He stumbled back to his office barely remembering the way, a path oft trod in the past three years. The hallway narrowed ominously with each fumbling step. The lights seemed more like taunting stars in some unknown sky. This familiar heaviness in his soul was peppered with liberal amounts of fear and doubt and pestered a conscience, dulled and thin. His life had become one big bungee jump of risk versus survival into which joy, let alone hope, was not allowed. At least that had been his inner narrative for more years than he could remember.
He managed to sprawl himself into his spinning office chair with a careless groan. An even more insidious narrative played within, tapes well-worn that had become his fair-weather companions. “I’m fine”, he said to himself, “if I stay here just a while longer, this will wear off and no one will be the wiser.” Such was the insane faux wisdom that had defined his path for so long.
He reached into his desk drawer where sat what remained of a large bottle of cheaper than shit wine. The idea, however faint, that he could reach some measure of sobriety before heading home fled. He uncorked for another swig of life-giving death. It laughed all the way down and propped up his house-of-cards mind. At least until he sensed something was different.
In the few minutes it had taken for this scenario to play itself out, a woman now stood in his office doorway. He turned to see the face of his best friend’s wife. He, a colleague on the church staff, she a soprano in his choir had been the very ground on which a broken family had walked for over two years now. A gentle, contemplative soul by nature, she was a Yale educated, well spoken, diminutive woman of silent compassion. And she was not given to confrontation of any kind. He had rarely heard her speak even at a normal conversational volume.
He could plainly see that this was no friendly visit.
“What the hell was all that?” she said coldly. “You were all over the place tonight. Nobody could understand, let alone, follow what you were doing. You repeated yourself, and with f**king gibberish at that. You’re not even wearing shoes.”
The room changed from dark to darker. She was not one who typically spoke with such directness and was shaking like a fault line tremor framed in the doorway.
It was becoming clear to him, despite the clinical inebriation that now wreaked havoc with his brain, that she knew. Dear God, she knew. He had believed, rather mistakenly, that he had duped those around him into believing he was alright. Thank God for Halls Mentholyptus, chewing gum, physical distance and the occasional cigarette he had thought. All that now evaporated with the realization that his cover was blown. More than blown, it was shattered like so many shards of sleeping glass.
“Will you tell her or shall I?” she asked icily, referring to his wife.
“No, I’ll tell her” he responded, still clinging to the hope that he sounded sober and in control.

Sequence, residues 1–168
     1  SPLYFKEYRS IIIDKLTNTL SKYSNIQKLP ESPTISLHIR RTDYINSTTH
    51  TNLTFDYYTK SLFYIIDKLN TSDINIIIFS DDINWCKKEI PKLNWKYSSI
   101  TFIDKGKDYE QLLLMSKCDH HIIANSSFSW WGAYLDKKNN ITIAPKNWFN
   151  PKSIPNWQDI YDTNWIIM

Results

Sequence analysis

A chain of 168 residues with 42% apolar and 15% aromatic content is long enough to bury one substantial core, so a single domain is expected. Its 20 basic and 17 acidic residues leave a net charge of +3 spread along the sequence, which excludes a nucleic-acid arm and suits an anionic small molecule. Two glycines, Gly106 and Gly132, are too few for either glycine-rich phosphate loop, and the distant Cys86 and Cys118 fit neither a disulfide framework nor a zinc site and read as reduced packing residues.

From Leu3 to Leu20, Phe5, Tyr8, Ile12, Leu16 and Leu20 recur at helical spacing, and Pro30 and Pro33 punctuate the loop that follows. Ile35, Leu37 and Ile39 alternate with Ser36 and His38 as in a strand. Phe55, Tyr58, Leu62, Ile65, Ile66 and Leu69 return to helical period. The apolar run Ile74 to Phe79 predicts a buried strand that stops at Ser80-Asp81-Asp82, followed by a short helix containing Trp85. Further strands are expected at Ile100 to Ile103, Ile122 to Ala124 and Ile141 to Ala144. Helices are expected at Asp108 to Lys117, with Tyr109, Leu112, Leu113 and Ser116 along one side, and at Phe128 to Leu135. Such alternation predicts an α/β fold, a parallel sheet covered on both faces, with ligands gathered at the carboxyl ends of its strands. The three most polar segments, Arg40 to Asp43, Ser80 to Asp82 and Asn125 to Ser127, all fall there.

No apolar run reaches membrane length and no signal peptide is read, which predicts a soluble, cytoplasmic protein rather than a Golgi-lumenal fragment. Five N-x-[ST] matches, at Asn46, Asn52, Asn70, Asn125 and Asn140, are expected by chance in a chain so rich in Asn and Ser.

She stood a few seconds longer, perfectly still. Surprisingly, her look was more characterized by anger, sadness and compassion than anything close to judgment. Good thing, too, since no one was better at self-condemnation than he. She turned and left, still shaking as she walked away.
He now faced a difficult choice. What was he to do with the line now drawn in the proverbial sand? Could he lay off drinking long enough to cast doubt on her words? Would his word outweigh hers when, or indeed if, it finally found its way to his wife?
His muddied brain refused cogent thought and he again reached into his desk for another drowning swallow. He determined inwardly that he would take his chances, what most desperate men do when faced with a showdown of inner demons. He sat at his desk for what seemed like ten minutes more but was in fact closer to an hour.
At around 11:30 he arose and started the twenty minute walk home. Years of self-deception and twisted logic whispered lies within him. He continued the inner debate. “How do I manage this one?” he thought. “If I take enough deep breaths of night air, walk at a brisk pace to get my heart rate up…maybe then?”
This battle was short lived however as, two blocks from their home, she pulled to the curb with the family van. She had been looking for him for over an hour, frantic and desperate. With justifiable anger she cried “where the hell have you been? I’ve been worried sick.” She looked at him with eyes, frightened and bewildered, and then realized what had all along been her suspicion. She was staring at a drunk.
As he climbed, fell really, into the van, something broke inside. The titanic façade of pretension that had been his life for so many years collapsed into a heaving mess of painful remorse.
“Yes,” he cried, “I think I’m an alcoholic.”
With him, as with anyone who manages this statement, a journey had begun; a journey where, ultimately, earth meets sky…